As these LGAs have a roughly even spread across dwelling types, on this measure they can be considered as having the most diverse housing stock in metropolitan Melbourne.
The table below shows how the dwelling stock has changed in Glen Eira and Maribyrnong since 1996.
In 1996, close to 70% of the dwelling stock in Maribyrnong consisted of separate houses (close to the Greater Melbourne average), but this had declined to just under 50% at 2016.
Conversely, the proportion of medium and high density dwellings has increased, particularly after 2006 when several apartment blocks were constructed in Footscray.
In fact, the number of medium and high density dwellings in Maribyrnong almost trebled over the twenty years.
Glen Eira already had a relatively diverse housing stock in 1996, with just under 60% consisting of separate houses and another one-third were medium density – very different to the comparative figures for Greater Melbourne.
However the proportion of separate houses has continued to decline, reaching 49.3% in 2016.
At the same time, the proportion of medium density dwellings reached 43.4%, so there’s almost as many medium density dwellings in Glen Eira as there are separate houses.
The path these LGAs have taken towards greater housing diversity over the last twenty years has differed.
The number of separate houses in Maribyrnong has remained relatively steady.
In contrast, there was a decline of more than 1,000 (-3.4%) in Glen Eira.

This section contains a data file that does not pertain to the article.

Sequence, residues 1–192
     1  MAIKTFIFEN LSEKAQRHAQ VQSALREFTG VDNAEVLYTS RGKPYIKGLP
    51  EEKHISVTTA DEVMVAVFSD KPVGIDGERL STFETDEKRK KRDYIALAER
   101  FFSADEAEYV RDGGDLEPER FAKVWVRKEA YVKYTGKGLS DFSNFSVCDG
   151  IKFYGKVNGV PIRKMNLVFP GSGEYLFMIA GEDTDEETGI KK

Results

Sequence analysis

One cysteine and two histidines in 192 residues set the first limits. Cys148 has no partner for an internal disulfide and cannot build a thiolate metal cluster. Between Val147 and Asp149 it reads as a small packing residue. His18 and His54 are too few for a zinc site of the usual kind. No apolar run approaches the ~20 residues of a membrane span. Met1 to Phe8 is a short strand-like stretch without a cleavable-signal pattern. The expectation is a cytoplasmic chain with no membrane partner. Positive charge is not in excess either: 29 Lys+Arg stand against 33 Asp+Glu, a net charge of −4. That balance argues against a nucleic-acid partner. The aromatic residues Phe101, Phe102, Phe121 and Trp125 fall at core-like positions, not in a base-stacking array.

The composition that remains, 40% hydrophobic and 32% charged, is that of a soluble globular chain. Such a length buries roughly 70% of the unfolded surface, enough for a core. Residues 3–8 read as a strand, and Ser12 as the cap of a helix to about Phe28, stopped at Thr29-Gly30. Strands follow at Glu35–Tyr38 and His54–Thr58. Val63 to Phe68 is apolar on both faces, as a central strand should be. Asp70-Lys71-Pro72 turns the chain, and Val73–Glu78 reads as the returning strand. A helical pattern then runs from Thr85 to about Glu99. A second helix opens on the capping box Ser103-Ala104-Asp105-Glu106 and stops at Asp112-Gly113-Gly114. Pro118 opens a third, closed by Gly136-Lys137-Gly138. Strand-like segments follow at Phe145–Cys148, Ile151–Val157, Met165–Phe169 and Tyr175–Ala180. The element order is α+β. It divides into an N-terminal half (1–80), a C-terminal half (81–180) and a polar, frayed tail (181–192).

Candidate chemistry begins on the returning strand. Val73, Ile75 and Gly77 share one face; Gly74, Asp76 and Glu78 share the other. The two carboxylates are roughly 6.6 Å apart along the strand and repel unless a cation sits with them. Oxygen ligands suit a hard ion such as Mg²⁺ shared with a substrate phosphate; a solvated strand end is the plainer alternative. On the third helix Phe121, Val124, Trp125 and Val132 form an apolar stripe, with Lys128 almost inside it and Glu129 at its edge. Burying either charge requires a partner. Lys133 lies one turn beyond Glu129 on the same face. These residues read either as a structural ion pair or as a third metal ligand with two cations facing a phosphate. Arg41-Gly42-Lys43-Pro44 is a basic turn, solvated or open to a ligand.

The increase in the number and proportion of medium and high density dwellings in Maribyrnong has been driven by the redevelopment of former industrial sites, including some that have included the construction of separate houses eg Edgewater Estate.
In Glen Eira, it is more the result of the demolition of older houses and their replacement with villas and townhouses.
More recently, there has been a trend towards site amalgamation to enable even higher densities.
There are several examples in the suburb of McKinnon – particularly near the station – where block size, age of the housing stock, and residential zoning facilitate this type of redevelopment.
There is still significant scope for residential development in both LGAs, particularly Maribyrnong.
For example, Footscray is currently in the midst of an apartment boom, with several high rise towers under construction along Dynon Road.
A continuation of this trend will see a continued decline in the proportion of separate houses, with the very real prospect of the housing stock becoming less diverse if the balance is tipped too far in favour of high density living.
Summary and concluding comments
The housing stock in Greater Melbourne has become more diverse over time, as shown by the decrease in the proportion of separate houses, and a corresponding increase in the proportion of medium and high density dwellings.
In 2016, the proportion of separate dwellings ranged from 2.7% in the City of Melbourne, to over 90% in the outer urban LGAs of Yarra Ranges, Nillumbik and Cardinia.
The LGAs with the most diverse housing stock, as measured by the types of dwellings, are Glen Eira and Maribyrnong.
In both LGAs, around 50% of the housing stock are separate houses.
Development trends suggest that this proportion will continue to decline in the future, particularly in Maribyrnong, where the redevelopment of former industrial sites is driving the change.
Ideally, measures of housing diversity should be considered in combination to provide a better indication of the issues and benefits.
It’s beyond the scope of a mere blog – but it does sound like a great idea for a more detailed research project!
Next week I will look the number of bedrooms and the decline of the humble three bedroom separate house – the analysis may surprise you.